Who Is Beck, Really?

I wrote about Beck’s Morning Phase, and also a bit about Midnite Vultures.

But while bands will still adopt and adapt to other music – and sometimes, like Radiohead, be loved for it – “Discotheque” also threatens to hold up as threadbare the entire vision of rock as the natural base of musical progress. If “rockism” has ever meant anything, it means what happened on [U2’s Pop] – an assumption that other musics exist to provide new directions and stealable ideas to four rock guys in a guitar/bass/vox/drums lineup.

U2 – “Discotheque” | FreakyTrigger

I actually quite like U2’s Pop, but I can’t really disagree with much of anything Tom Ewing wrote in this incredibly smart piece about the record and specifically its lead single “Discotheque” over on Popular.

Early on, I made it my goal that if my music were ever recognized in any way, I would want it to lure people into my world, the way music has affected me in the past, like when I first heard R.E.M., and there was the mystery of the South, with the kudzu growing over everything, and the people. It made me want to go down there and experience it myself. There was a sort of magic to it. So I wanted to incorporate what it was like to live here in the Midwest, in Dayton, where there’s really nothing to do but drink and watch airplanes. I wanted to convey the mundane nature of the place. It’s restrictive in a way but it’s also what keeps me here. It’s what keeps me coming back here. There’s a comfort in it. I’ve thought about living in New York City or Austin, but I know I could never do it. I’ve got too many people here that provide me with ideas. I mean, I’ve always been more interested in creating alternate worlds rather than literal ones. I feel like there’s a spiritual component to that as well. I write about these alternate worlds that I believe might exist, but I’m also doubtful.
Robert Pollard of Guided by Voices, interviewed in 2004 for The Believer. This interview is featured in Confidence Or The Appearance Of Confidence, an forthcoming collection of Believer conversations with musicians.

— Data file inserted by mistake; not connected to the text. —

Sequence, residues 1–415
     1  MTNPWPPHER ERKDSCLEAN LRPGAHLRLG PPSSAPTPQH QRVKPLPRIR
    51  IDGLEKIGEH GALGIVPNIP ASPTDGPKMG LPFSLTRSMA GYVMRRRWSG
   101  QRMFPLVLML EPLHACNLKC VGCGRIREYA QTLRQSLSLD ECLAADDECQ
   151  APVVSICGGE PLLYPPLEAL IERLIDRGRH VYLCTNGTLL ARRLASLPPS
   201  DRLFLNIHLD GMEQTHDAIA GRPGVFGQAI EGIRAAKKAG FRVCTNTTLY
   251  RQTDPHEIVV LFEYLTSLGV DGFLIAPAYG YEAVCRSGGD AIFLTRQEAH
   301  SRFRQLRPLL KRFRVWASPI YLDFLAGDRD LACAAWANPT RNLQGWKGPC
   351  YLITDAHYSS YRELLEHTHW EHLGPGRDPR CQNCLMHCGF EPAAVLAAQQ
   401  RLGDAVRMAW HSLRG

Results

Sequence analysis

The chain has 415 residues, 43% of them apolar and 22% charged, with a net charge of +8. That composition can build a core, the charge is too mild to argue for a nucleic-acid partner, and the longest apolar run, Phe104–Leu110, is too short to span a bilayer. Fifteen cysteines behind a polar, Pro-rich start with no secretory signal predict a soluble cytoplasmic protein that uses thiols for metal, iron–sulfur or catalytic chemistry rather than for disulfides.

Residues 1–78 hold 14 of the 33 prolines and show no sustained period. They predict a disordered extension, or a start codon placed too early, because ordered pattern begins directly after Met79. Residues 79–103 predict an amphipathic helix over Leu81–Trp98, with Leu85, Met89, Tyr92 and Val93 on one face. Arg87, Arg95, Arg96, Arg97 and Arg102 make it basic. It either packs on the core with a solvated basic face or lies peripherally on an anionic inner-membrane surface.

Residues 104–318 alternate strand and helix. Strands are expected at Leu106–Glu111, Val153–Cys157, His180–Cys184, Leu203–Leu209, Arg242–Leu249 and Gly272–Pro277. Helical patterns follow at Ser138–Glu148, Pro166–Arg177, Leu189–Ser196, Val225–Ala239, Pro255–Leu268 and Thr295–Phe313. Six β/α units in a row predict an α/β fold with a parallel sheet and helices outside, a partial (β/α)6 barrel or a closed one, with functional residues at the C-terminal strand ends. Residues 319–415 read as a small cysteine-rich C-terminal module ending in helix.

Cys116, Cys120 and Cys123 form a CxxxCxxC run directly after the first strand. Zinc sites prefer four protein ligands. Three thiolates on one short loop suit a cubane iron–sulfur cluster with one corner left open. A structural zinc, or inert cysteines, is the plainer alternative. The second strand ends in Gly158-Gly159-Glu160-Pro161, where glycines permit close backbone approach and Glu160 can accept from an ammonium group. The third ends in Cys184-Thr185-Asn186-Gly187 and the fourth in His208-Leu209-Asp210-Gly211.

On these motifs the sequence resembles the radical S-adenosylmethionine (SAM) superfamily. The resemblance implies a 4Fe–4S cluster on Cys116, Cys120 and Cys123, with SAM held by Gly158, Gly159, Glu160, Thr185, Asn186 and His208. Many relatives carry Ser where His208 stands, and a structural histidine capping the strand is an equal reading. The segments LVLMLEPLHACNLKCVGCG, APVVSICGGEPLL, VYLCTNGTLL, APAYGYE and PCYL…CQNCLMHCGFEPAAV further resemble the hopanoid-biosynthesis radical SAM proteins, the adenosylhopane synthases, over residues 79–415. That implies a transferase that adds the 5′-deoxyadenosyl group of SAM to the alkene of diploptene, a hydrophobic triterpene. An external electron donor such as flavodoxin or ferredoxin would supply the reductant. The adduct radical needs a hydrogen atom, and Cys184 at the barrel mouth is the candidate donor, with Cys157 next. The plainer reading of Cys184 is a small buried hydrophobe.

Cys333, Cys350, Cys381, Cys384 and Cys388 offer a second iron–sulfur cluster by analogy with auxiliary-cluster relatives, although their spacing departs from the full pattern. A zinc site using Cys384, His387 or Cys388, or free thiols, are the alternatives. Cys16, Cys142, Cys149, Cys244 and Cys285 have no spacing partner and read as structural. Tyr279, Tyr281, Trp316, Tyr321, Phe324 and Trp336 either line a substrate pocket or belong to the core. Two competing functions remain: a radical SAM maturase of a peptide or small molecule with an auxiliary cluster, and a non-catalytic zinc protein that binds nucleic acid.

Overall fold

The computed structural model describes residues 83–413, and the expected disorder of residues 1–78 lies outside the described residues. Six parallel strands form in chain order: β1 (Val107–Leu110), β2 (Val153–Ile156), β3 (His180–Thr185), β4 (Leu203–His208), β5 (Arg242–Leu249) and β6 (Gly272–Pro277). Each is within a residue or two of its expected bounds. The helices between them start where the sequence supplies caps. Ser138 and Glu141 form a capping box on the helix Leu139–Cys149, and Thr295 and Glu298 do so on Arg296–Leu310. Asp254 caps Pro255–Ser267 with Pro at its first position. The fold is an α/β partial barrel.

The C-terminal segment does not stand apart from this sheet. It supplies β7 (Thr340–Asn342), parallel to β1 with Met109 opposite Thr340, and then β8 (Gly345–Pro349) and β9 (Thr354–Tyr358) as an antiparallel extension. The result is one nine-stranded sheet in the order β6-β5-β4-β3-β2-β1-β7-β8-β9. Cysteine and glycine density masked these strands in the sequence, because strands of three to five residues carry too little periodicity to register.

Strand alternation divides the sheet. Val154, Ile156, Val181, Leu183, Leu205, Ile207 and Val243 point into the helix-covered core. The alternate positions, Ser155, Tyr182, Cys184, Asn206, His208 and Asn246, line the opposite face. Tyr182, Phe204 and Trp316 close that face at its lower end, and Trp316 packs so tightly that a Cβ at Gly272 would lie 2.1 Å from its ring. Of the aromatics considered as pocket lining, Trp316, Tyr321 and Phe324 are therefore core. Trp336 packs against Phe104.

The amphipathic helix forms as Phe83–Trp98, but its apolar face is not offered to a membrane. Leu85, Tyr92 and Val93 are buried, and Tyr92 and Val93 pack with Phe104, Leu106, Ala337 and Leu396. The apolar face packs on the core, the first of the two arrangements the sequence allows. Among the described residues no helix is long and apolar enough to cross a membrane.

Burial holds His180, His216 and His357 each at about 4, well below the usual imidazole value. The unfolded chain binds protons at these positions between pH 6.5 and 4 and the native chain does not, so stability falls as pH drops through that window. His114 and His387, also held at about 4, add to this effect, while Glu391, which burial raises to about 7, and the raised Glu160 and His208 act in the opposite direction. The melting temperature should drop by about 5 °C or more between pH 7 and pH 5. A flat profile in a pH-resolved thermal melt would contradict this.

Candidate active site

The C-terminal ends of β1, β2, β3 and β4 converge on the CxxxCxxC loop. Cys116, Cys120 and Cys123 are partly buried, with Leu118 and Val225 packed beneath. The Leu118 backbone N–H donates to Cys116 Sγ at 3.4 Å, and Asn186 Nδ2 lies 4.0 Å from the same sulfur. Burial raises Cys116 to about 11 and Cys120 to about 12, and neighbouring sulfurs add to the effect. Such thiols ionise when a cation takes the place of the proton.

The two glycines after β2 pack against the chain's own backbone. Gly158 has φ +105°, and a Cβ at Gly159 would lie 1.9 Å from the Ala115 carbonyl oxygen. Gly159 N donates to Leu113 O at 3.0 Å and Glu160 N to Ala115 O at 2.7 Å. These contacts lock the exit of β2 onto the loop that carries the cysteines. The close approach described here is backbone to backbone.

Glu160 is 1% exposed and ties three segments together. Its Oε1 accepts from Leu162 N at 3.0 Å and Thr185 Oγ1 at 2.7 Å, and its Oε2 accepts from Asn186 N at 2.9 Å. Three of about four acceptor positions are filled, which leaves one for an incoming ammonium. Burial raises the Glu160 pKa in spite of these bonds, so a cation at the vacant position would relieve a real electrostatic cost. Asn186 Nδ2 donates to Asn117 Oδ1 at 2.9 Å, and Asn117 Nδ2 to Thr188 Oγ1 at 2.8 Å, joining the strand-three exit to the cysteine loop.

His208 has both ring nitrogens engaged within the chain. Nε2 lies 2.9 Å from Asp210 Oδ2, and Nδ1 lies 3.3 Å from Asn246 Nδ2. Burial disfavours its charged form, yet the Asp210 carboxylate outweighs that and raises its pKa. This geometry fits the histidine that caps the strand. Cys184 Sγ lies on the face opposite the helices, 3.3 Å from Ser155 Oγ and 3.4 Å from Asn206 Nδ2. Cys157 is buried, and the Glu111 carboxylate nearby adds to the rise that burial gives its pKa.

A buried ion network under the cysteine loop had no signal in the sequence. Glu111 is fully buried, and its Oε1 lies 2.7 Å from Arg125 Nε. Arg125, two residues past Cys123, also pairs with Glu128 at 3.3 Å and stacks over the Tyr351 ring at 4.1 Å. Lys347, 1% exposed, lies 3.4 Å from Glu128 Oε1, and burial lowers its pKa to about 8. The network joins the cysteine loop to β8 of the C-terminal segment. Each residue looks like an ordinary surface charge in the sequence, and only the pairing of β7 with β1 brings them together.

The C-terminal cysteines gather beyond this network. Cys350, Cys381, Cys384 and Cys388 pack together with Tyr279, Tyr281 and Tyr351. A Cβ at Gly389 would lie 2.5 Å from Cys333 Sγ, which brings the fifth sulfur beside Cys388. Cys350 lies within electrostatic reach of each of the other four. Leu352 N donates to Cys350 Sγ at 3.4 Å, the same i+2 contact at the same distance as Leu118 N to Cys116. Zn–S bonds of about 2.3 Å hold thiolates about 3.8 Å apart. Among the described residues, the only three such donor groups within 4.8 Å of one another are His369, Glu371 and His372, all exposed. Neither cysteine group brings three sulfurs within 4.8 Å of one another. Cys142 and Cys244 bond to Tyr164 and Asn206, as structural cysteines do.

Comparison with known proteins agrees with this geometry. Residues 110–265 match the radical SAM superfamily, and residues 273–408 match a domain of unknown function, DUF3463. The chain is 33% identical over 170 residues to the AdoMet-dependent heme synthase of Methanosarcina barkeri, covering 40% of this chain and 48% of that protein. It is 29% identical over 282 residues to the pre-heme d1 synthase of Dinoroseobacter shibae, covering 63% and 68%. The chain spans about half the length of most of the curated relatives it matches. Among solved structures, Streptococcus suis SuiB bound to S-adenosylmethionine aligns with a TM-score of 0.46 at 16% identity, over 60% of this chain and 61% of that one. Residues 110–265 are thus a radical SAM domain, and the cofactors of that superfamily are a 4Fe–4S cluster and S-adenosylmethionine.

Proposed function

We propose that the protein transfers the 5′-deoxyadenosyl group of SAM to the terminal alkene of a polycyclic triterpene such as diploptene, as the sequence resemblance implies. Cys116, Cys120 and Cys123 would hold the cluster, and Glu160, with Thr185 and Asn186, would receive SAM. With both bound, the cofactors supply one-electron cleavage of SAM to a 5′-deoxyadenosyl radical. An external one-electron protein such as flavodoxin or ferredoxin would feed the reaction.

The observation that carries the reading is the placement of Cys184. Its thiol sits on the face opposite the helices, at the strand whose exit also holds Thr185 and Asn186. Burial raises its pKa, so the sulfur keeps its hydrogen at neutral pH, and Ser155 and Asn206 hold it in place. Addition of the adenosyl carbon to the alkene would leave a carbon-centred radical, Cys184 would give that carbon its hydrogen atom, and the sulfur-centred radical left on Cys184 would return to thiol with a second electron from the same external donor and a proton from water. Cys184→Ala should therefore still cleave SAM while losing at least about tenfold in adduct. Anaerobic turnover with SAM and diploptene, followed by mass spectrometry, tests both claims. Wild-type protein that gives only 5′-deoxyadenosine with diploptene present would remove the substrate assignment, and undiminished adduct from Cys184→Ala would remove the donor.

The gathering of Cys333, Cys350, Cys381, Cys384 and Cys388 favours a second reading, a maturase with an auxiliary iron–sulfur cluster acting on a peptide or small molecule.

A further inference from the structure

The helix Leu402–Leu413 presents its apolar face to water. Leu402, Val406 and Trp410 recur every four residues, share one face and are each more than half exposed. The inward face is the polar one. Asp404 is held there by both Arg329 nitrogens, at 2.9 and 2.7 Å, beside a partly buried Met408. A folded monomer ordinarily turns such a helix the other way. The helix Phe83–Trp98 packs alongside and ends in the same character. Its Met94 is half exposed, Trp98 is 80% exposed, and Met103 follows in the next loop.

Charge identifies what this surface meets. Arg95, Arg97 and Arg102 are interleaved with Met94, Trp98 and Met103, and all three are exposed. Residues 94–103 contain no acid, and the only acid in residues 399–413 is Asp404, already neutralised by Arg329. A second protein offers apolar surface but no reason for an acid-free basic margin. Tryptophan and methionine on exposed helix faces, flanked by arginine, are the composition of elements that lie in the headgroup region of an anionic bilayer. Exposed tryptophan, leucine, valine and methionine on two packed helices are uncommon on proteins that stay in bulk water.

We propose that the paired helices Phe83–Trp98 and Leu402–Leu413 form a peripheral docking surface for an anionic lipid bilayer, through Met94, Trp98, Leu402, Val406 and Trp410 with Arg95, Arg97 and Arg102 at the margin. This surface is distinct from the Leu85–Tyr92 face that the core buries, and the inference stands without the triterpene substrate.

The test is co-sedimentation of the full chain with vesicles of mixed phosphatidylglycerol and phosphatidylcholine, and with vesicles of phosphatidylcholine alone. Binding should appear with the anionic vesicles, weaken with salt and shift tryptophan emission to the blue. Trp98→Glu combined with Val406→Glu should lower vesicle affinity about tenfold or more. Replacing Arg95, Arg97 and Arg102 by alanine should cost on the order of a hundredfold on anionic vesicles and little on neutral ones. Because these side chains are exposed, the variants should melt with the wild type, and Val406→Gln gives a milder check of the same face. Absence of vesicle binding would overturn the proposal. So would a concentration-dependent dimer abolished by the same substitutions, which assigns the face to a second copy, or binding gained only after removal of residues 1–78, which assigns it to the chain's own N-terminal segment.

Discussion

In a time when it’s broadly assumed that rock music is no longer a vibrant part of pop culture, Transgender Dysphoria Blues is an argument that heavy, aggressive rock can still be the ideal vehicle for a major artistic statement. Against Me! do nothing to reinvent the wheel on this record — on a purely musical level, there’s nothing here you wouldn’t have heard on any given Epitaph or Fat Wreck Chords release in the ’90s — but Grace embraces the strengths of aggressive rock to communicate thoughts and feelings that simply would not have come across as well in other styles.

"Transgender Dysphoria Blues" Is Proof That Rock Still Matters

I wrote about Against Me!’s new album, which is one of the best rock records of the past few years.

Cass McCombs
"Big Wheel"

This song has the most aggravating fade out I’ve heard in a long time. I get it on a conceptual level: The song keeps going on and on, like the trucker narrator driving off into some infinite horizon, but damn it, I want to stay with it! The lyrics of this song are exceptional – partly because there’s some very vivid and specific images, but mostly because the rambling internal monologue takes some turns that are genuinely surprising. I particularly love when the character starts dissecting the question “what does it mean to be a man?,” and both challenges the idea, and embraces a particular idea of masculinity that gives him a sense of pride and identity.

(Originally posted 10/15/2013)